Effective Use of Dialogue in All the Pretty Horses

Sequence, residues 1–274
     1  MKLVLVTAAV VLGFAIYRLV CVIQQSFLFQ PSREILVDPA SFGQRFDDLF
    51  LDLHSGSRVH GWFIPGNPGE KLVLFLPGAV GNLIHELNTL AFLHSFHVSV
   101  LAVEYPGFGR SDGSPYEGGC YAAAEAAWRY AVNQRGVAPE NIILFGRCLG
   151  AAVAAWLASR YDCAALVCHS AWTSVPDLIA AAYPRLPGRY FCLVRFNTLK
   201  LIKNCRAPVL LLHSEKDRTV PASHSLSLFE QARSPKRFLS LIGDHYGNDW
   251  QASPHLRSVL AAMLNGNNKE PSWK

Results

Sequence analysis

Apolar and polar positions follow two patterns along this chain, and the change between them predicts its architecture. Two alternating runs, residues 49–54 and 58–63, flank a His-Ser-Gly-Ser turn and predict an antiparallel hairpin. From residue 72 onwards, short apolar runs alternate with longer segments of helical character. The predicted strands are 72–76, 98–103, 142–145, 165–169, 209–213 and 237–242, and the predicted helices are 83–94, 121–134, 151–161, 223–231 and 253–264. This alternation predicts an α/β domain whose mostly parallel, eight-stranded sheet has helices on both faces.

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Effective Use of Dialogue in All the Pretty Horses All the Pretty Horses, by Cormac McCarthy, is, among other things, an exploration of its main character, John Grady Cole. The author chooses words carefully and sparingly when creating dialogue for Cole. In doing so, McCarthy creates poetic effects and rich meaning from limited verbiage. This novelist lets his readers get to know his main character largely through dialogue instead of through direct description. In this way, readers find the techniques used by McCarthy similar to those used by Ernest Hemingway in many of his books and short stories. Like the dialogue of Hemingway's protagonists, Cole's speech is sparse, but it is indicative of a great deal of meaning. In Cole's brief discourse, wise readers can find many individuality indicators that help us to understand this stoic character. The first verbal exchange of this novel only requires 17 words of Cole. The first twelve words tell us a great deal considering the limited number of words used: I appreciate you lighting the candle, he said. Como? La candela. La vela. (4) On the first line of Cole's dialogue, he shows his appreciation of a kindness done for him. This act suggests some goodness in his character. This sentence is in English. The person speaking with Cole in this scene replies in Spanish, and we find that our protagonist is at least bilingual in the next line when he replies to the other speaker in Spanish. The fact that Cole knows two different Spanish words for candle suggests a more extensive understanding of his second language. Readers will find that this is not the only example of individuality indicators expressed in Cole's speech. McCarth... ... middle of paper ... ...r He decides" (60). John Grady Cole clearly does not state that the end of the world, or anything about the end of the world, will be effected by anything he does. Cole's God is in charge. Some readers may judge by word-count that Cole doesn't say very much in this novel, but such is not the case. Cormac McCarthy's protagonist, John Grady Cole, tells us a great deal about himself through his dialogue. The author of this book, like many contemporary writers, expects a lot of his readers, and rewards close examinations of his work with deep insights about his characters. The near-poetic density of the language of John Grady Cole helps the author to speak volumes without having to beat the reader over the head with obvious conclusions. "Evocal to the intelligent alone--for the rest they need interpreters." --Motto Pindar, Olympian Odes, 2:85-6

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